Sales: Providing Client List to Vendors

January 12th, 2015 by

Do the manufacturers of the products you rep require that you reveal your client list as a condition to do business with them?

Recently I was getting ready to purchase some packaging products for a client when the manufacturer wanted to know the name of my and how much product they buy from me annually.

Initially, I responded to the email with all of the information that they requested. However, just before I hit the send button, I had second thoughts about this request.

They didn’t give me an ultimatum but on numerous occasions of recent they wanted me to reveal the name of my client when I purchased products.

In the packaging business, there is no exclusivity of products. I can purchase the exact brands from several vendors. In addition, I am under no contract or obligation to buy from only them.

Even though we don’t have a contract, we do have a gentleman’s agreement that we do not call on each other’s accounts. I have always honored this agreement because I respect their position and consequently I expect that they will respect mine as well. Furthermore, I strongly believe that either one of us is shooting ourselves in the foot if we breach that verbal commitment.

This particular supplier does have a direct salesforce who sells to end users. Historically, there have been times when I have provided a client’s name in order to protect my own interests within a particular account. However, I have done this readily because I did not want their sales representatives bird-dogging my accounts.

The bottom line here is that we are not talking about doctor/patient or lawyer/client privileged but in all honesty I do not feel this is any of their business whatsoever to know the names of my customers. What are your thoughts on this?

Peggy P. Edge © 2015

Strategic Networking Plan

January 5th, 2015 by

A Strategic Networking Plan is a “must-have” inclusion in an overall Marketing Plan for any business or individual.

When you map out a plan of attack, for your networking activities truly, you can be extremely successful growing your business with a plethora of warm introductions and referrals thus minimizing the need to cold call.

Here are a few key steps to drafting a Networking Plan:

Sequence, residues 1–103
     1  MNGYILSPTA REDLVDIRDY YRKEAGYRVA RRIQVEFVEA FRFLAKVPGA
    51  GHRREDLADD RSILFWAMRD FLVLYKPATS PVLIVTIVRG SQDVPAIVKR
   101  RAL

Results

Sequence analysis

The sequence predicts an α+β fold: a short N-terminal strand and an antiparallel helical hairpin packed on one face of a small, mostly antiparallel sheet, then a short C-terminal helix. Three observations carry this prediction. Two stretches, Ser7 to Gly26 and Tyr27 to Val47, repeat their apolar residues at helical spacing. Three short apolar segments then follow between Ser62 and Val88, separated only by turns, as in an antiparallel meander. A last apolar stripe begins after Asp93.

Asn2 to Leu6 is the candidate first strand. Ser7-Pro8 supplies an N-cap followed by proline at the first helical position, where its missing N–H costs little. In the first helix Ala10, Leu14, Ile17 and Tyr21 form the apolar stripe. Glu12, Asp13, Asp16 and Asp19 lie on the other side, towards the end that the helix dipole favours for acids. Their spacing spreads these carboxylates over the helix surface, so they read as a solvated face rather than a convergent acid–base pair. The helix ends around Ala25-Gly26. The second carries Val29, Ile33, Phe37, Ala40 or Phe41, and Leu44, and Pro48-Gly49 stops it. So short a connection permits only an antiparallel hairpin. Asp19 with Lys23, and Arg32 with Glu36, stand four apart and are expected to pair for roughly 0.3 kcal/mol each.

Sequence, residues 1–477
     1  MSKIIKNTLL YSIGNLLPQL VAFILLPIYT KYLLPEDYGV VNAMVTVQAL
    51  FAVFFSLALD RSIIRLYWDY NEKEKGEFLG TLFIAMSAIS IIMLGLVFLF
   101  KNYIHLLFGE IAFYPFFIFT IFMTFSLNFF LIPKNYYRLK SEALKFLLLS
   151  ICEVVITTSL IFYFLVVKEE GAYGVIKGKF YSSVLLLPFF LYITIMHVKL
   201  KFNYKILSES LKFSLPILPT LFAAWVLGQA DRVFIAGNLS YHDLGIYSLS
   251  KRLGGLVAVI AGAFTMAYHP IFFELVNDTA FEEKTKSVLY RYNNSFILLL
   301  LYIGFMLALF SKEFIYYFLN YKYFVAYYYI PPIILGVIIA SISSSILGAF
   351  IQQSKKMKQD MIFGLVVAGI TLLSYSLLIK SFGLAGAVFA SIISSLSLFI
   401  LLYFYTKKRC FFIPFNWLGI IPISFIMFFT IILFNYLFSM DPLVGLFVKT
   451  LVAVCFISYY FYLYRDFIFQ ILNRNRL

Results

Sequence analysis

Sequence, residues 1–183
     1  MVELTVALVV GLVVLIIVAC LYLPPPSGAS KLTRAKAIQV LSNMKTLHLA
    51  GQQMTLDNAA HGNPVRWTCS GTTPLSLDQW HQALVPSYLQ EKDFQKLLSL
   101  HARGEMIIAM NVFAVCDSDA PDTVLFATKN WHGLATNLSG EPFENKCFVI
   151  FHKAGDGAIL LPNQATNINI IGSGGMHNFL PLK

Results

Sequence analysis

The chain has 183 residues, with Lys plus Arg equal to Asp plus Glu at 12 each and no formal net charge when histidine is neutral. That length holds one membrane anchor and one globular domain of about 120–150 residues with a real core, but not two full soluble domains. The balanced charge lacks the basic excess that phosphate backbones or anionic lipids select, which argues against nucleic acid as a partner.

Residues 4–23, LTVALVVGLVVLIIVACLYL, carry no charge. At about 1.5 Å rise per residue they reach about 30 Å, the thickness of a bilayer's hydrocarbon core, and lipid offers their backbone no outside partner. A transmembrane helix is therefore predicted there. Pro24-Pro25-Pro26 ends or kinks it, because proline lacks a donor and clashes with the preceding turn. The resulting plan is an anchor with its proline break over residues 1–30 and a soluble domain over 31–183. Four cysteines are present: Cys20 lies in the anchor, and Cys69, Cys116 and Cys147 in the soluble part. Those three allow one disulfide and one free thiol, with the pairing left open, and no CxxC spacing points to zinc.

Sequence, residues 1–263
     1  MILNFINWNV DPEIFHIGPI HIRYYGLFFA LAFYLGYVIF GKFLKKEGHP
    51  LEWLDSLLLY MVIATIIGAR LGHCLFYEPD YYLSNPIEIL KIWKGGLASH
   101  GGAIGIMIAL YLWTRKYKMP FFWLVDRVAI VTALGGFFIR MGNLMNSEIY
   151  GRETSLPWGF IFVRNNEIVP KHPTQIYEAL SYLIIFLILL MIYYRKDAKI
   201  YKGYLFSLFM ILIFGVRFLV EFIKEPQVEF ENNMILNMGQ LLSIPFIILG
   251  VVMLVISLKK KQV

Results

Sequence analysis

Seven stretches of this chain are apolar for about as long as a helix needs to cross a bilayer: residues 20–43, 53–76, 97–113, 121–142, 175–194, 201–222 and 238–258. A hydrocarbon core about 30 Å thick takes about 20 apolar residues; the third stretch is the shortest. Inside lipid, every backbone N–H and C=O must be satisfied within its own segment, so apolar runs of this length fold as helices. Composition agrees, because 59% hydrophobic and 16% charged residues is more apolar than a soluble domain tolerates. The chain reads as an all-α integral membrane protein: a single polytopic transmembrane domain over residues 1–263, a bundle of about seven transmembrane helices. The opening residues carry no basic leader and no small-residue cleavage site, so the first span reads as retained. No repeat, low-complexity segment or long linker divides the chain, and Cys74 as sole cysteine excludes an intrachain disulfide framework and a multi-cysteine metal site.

• Return on Investment (ROI)
      • Start by evaluating last year’s results.
      • Assign a cost to your hard and soft expenses – How much does it cost you in time to attend each event?
    • Identification of Strategic Partnerships
      • Create a list of every connection and analyze how they might be eligible to be strategic to your partnership.
      • Do you have new products/services offering where you will need to identify new connections?
    • Development time to train those partners
      • Set up a schedule to meet with your networking partners and share with them what you expect to accomplish during the year and how they can be an integral part of your success.
    • Tis’ better to give than to receive.
      • How you are going to be of service or assistance to others. It could be as a mentor, trainer or leader.
    • Social Media
      • Include in your plan the utilization of social media in your networking activities for the year.
    • Craft engaging 30-Second Commercials
      • Create at least 3-5 different commercials, then practice, practice, practice in front of a mirror, using a stop watch.

Peggy works with corporate sales teams and individuals to develop their Strategic Networking Plan.

Peggy P. Edge (c) 2015  (Portions of text are excerpts from “5 Key Steps of Effective Business Networking” – Peggy P. Edge (c) 2012)


Sales: Cardinal Rules of Selling

October 22nd, 2014 by

Recently I was reading an article about sales sins.  Since I like to work in a positive manner as much as possible, here are a few helpful pointers about sales that we must keep in mind when we are in the marketplace:

  1. Listen between the lines – instead of running your mouth, try to figure out what your prospect or client is implying in their conversation with you.
  2. Sell benefits and value proposition from the customer prospective –look at the need of the client. You must ask yourself, what benefits will he experience and what is the value proposition in the eyes of the client…not your eyes.
  3. Be proactive in your sales process – always ask for the order.
  4. Make sure you are talking to a prospect and not a suspect – If you have done your homework, you will know:
    • Who the final decision maker is
    • What products and services to present
    • How you are going to present the recommendations and justifications that fit the prospects needs.
  5. Create client advocates – an advocate is someone who will promote, talk about, recommend you to others. In Carl Sewell’s book, “Customers for Life” he talks about under promising and over delivering is just one way to create those life-long advocates.

“Getting ‘THE EDGE’ over Your Competition!!!”

Peggy P. Edge © 2014

Networking: Conveying your Who-What-Why

October 8th, 2014 by

When you give your 30-Second Commercial at a networking event, do you just stand up, open your mouth and hope the right words to come out?  You are shooting yourself in the foot unless you plan in advance what you are going to say.  Developing a good elevator speech requires some forethought.

A well-crafted commercial will answer 3 questions:  Who, What, and Why.